The money shot is a slang terms used to describe a person ejaculating (in film or video, or image in a pornographic magazine), usually onto a person or object. Cum shots have become the object of fetish genres like bukakke (in which several men ejaculate on one person). Facial cum shots (or ‘facials’) are currently regularly portrayed in pornographic films and videos, often as a way to close a scene. The term is typically used by the cinematographer within the narrative framework of a pornographic film, and since the 1970s has become a leitmotif (recurring theme) of the hardcore genre. Two exceptions are softcore pornography, in which penetration is not explicitly shown and ‘couples erotica,’ which may involve penetration but is typically filmed in a more discreet manner intended to be romantic or educational rather than graphic.
Softcore pornography that does not contain ejaculation sequences is produced both to respond to a demand by some consumers for less-explicit pornographic material, and to comply with government regulations or cable company rules that may disallow depictions of ejaculation. Cum shots typically do not appear in ‘girl-girl’ scenes (female ejaculation scenes exist, but are relatively rare) and orgasm is normally implied by utterances, cinematic conventions, or body movement.
A facial is a term for the sexual activity in which a man ejaculates semen onto the face of one or more sexual partners. A facial is a form of non-penetrative sex, though it is generally performed after some other means of sexual stimulation. Facial cum shots are currently regularly portrayed in pornographic films and videos, often as a way to close a scene.
Many sex experts consider the act demeaning and do not promote it. In response to an inquiry from a reader, sex columnist Dan Savage wrote: ‘Facials are degrading—and that’s why they’re so hot.’
‘Being and Nothingness: An Essay on Phenomenological Ontology’ is a 1943 book by philosopher Jean-Paul Sartre. Its main purpose is to assert the individual’s existence as prior to the individual’s essence. Sartre’s overriding concern was to demonstrate that free will exists. While a prisoner of war in 1940 and 1941, Sartre read Martin Heidegger’s ‘Being and Time,’ an ontological investigation through the lens and method of Husserlian phenomenology (Husserl was Heidegger’s teacher). Reading ‘Being and Time’ initiated Sartre’s own inquiry leading to the publication in 1943 of ‘Being and Nothingnes’s whose subtitle is ‘A Phenomenological Essay on Ontology.’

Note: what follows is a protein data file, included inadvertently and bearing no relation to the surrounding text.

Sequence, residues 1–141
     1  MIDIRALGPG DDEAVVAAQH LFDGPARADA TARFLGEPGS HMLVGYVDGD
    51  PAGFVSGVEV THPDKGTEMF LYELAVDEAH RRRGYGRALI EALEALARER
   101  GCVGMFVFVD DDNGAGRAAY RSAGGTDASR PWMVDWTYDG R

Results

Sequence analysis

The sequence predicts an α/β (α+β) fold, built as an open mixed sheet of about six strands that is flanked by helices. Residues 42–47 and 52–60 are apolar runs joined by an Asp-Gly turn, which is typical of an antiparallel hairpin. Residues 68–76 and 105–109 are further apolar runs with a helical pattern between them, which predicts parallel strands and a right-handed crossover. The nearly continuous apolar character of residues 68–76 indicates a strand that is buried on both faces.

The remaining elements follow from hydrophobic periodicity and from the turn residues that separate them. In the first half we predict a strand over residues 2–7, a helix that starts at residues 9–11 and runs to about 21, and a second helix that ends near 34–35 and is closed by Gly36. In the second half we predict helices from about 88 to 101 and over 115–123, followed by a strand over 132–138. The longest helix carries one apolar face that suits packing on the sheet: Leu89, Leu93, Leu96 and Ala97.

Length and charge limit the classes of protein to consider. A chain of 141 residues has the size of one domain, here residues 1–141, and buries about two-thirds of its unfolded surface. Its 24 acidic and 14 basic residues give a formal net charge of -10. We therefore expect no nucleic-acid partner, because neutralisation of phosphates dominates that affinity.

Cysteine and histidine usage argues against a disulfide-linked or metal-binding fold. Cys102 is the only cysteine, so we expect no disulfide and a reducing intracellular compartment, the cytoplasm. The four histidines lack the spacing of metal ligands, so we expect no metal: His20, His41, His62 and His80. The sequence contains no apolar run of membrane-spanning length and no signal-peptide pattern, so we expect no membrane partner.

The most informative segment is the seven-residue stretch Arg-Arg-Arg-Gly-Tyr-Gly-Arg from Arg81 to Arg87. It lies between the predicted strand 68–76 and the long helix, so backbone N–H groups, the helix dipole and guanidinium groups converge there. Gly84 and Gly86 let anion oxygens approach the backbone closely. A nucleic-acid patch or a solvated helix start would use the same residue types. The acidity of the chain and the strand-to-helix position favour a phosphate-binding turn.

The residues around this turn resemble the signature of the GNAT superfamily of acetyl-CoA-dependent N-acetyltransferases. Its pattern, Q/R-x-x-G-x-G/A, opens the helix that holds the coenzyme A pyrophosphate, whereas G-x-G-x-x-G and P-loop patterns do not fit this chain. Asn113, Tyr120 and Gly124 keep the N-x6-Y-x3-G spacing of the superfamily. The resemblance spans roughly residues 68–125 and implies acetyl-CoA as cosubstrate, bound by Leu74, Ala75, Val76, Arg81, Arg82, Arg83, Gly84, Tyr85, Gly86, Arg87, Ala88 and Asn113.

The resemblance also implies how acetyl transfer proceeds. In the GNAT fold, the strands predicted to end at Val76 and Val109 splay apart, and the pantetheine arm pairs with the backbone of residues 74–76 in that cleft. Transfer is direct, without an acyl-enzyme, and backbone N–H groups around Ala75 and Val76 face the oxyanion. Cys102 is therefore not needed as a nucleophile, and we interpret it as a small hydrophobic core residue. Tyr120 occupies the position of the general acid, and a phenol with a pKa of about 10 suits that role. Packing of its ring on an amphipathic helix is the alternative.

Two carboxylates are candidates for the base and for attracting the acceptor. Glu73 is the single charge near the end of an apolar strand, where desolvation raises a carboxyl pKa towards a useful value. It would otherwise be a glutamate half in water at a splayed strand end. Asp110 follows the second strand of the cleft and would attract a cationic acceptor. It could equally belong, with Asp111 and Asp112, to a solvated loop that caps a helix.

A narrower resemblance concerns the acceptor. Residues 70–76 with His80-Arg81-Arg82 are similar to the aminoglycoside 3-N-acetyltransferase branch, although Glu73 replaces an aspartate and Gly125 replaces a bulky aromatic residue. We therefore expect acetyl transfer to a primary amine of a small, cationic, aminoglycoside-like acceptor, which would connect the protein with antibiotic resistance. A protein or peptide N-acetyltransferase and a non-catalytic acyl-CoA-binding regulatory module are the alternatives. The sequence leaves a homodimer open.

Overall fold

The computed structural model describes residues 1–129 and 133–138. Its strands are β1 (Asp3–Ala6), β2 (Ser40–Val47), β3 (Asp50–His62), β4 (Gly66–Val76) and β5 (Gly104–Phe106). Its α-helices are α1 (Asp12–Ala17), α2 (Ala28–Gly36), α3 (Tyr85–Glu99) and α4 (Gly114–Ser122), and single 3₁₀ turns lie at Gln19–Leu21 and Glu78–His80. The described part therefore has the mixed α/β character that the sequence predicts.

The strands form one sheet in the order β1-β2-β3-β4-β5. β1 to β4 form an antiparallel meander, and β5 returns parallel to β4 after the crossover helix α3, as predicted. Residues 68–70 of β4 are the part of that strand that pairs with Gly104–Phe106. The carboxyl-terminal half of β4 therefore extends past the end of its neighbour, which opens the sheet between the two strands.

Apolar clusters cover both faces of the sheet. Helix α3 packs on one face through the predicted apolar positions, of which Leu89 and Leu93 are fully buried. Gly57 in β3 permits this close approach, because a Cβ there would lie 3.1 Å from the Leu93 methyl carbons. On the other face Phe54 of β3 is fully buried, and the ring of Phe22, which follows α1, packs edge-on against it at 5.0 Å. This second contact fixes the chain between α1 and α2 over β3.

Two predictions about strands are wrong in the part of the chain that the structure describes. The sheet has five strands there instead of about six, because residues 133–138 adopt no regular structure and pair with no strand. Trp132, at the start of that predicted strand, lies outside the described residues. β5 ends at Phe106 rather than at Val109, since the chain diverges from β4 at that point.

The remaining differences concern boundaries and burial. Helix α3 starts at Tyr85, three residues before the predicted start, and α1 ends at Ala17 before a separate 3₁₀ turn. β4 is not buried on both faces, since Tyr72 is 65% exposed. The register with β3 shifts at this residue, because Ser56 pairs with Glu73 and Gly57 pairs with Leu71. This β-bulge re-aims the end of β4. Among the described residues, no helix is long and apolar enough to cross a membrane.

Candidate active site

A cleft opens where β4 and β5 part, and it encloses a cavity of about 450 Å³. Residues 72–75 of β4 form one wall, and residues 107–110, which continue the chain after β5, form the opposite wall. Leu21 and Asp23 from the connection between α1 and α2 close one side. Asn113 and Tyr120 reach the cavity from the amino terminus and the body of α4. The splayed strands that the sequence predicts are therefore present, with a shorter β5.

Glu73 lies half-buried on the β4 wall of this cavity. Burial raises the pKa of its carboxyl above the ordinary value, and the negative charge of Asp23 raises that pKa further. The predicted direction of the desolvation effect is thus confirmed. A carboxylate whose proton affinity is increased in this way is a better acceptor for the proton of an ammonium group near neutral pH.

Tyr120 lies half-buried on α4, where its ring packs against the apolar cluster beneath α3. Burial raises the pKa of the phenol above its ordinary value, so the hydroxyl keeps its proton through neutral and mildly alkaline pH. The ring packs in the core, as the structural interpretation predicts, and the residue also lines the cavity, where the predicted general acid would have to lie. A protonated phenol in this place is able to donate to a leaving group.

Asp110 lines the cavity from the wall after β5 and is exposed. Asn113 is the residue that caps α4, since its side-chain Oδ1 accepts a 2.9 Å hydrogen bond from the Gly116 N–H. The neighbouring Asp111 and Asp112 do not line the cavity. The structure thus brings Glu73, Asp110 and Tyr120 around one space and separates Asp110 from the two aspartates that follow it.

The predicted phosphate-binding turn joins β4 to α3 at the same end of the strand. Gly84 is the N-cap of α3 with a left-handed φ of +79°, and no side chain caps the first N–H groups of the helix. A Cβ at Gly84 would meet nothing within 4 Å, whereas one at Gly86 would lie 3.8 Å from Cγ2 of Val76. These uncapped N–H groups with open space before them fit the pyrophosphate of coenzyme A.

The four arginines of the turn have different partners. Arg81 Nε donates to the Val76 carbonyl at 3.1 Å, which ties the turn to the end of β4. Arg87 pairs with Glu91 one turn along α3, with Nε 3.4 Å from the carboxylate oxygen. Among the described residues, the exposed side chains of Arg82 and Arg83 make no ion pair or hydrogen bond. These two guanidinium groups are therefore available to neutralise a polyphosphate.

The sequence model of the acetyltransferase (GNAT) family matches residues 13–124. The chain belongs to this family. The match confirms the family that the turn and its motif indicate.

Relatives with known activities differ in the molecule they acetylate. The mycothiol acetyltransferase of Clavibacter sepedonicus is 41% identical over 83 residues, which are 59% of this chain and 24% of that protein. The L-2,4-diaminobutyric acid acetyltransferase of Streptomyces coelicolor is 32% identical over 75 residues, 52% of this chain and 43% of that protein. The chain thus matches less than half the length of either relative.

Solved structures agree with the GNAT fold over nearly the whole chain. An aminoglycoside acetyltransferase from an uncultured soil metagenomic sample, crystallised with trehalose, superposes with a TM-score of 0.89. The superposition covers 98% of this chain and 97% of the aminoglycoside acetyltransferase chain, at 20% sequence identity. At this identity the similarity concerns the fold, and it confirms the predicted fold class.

The essay is clearly influenced by Heidegger though Sartre was profoundly skeptical of any measure by which humanity could achieve a kind of personal state of fulfillment comparable to the hypothetical Heideggerian re-encounter with Being. In his much gloomier account, man is a creature haunted by a vision of ‘completion,’ what Sartre calls the ‘ens causa sui,’ which religions identify as God. Born into the material reality of one’s body, in a material universe, one finds oneself inserted into being. Consciousness has the ability to conceptualize possibilities, and to make them appear, or to annihilate them.
Bonk: The Curious Coupling of Science and Sex was written by Mary Roach in 2008. The book follows the winding history of science and its exploration of human sexuality, going back as far as Aristotle and finally ending with recent discoveries about the origination and anatomy of the female orgasm. Throughout, Mary Roach provides a humorous and often very personal view—both as a participant and observer—of humans, scientists, animals, and sex machines.
Of the book’s numerous accounts, Roach discusses artificial insemination of sows in Denmark, the notorious history of sex machines, as well as much discussion and commentary on Kinsey’s notorious attic sex experiments. Her footnotes provide additional humor; as in a sentence which includes several DSM diagnoses listed as acronyms she adds ‘And from HAFD (hyperactive acronym formation disorder).’ In the book, Mary Roach describes a session in which she and her husband Ed volunteer to have sex in a 20-inch-diameter (510 mm) MRI tube in the interests of science. During the experiment, a doctor looks on, making suggestions, and finally telling Ed that he ‘may ejaculate now.’
White Tantrism [tan-triz-uhm] is a form of sexual alchemy which involves a man and a woman making sexual contact then transmuting their sexual energies whilst remaining still throughout the act and withdrawing without orgasm. It is regarded by its practitioners as an essential spiritual exercise for awakening consciousness rather than purely an act of pleasure. It is currently taught by schools of modern Gnosticism. The modern day Gnostic teacher Samael Aun Weor wrote extensively on the topic including his books ‘The Perfect Matrimony,’ ‘The Mystery of the Golden Blossom,’ and ‘The Three Mountains.’ He claims it to be a very ancient practice, taught in different ways by many schools throughout the ages. During the practice of sexual alchemy, the Kundalini (Chackric energy) is said to awaken which is claimed to be a conscious spiritual force which is often represented by a serpent coiled at the base of the spinal column. According to the Gnostic teachings, while performing the practice daily in an intensive and specific manner, the Kundalini eventually rises up the spinal column, vertebra by vertebra, awakening the chakras and psychic faculties as it rises and giving birth to spiritual bodies in higher dimensions. Samael Aun Weor claims this is what was meant by Jesus when he spoke of the need to be born-again, born of the spirit.
The term ‘autonomous sensory meridian response’ (ASMR) is a neologism for a claimed biological phenomenon, characterized as a distinct, pleasurable tingling sensation often felt in the head, scalp or peripheral regions of the body in response to various visual and auditory stimuli.
The phenomenon was first noted through internet culture such as blogs and online videos. Tom Stafford, a professor at the University of Sheffield, says ‘It might well be a real thing, but it’s inherently difficult to research.’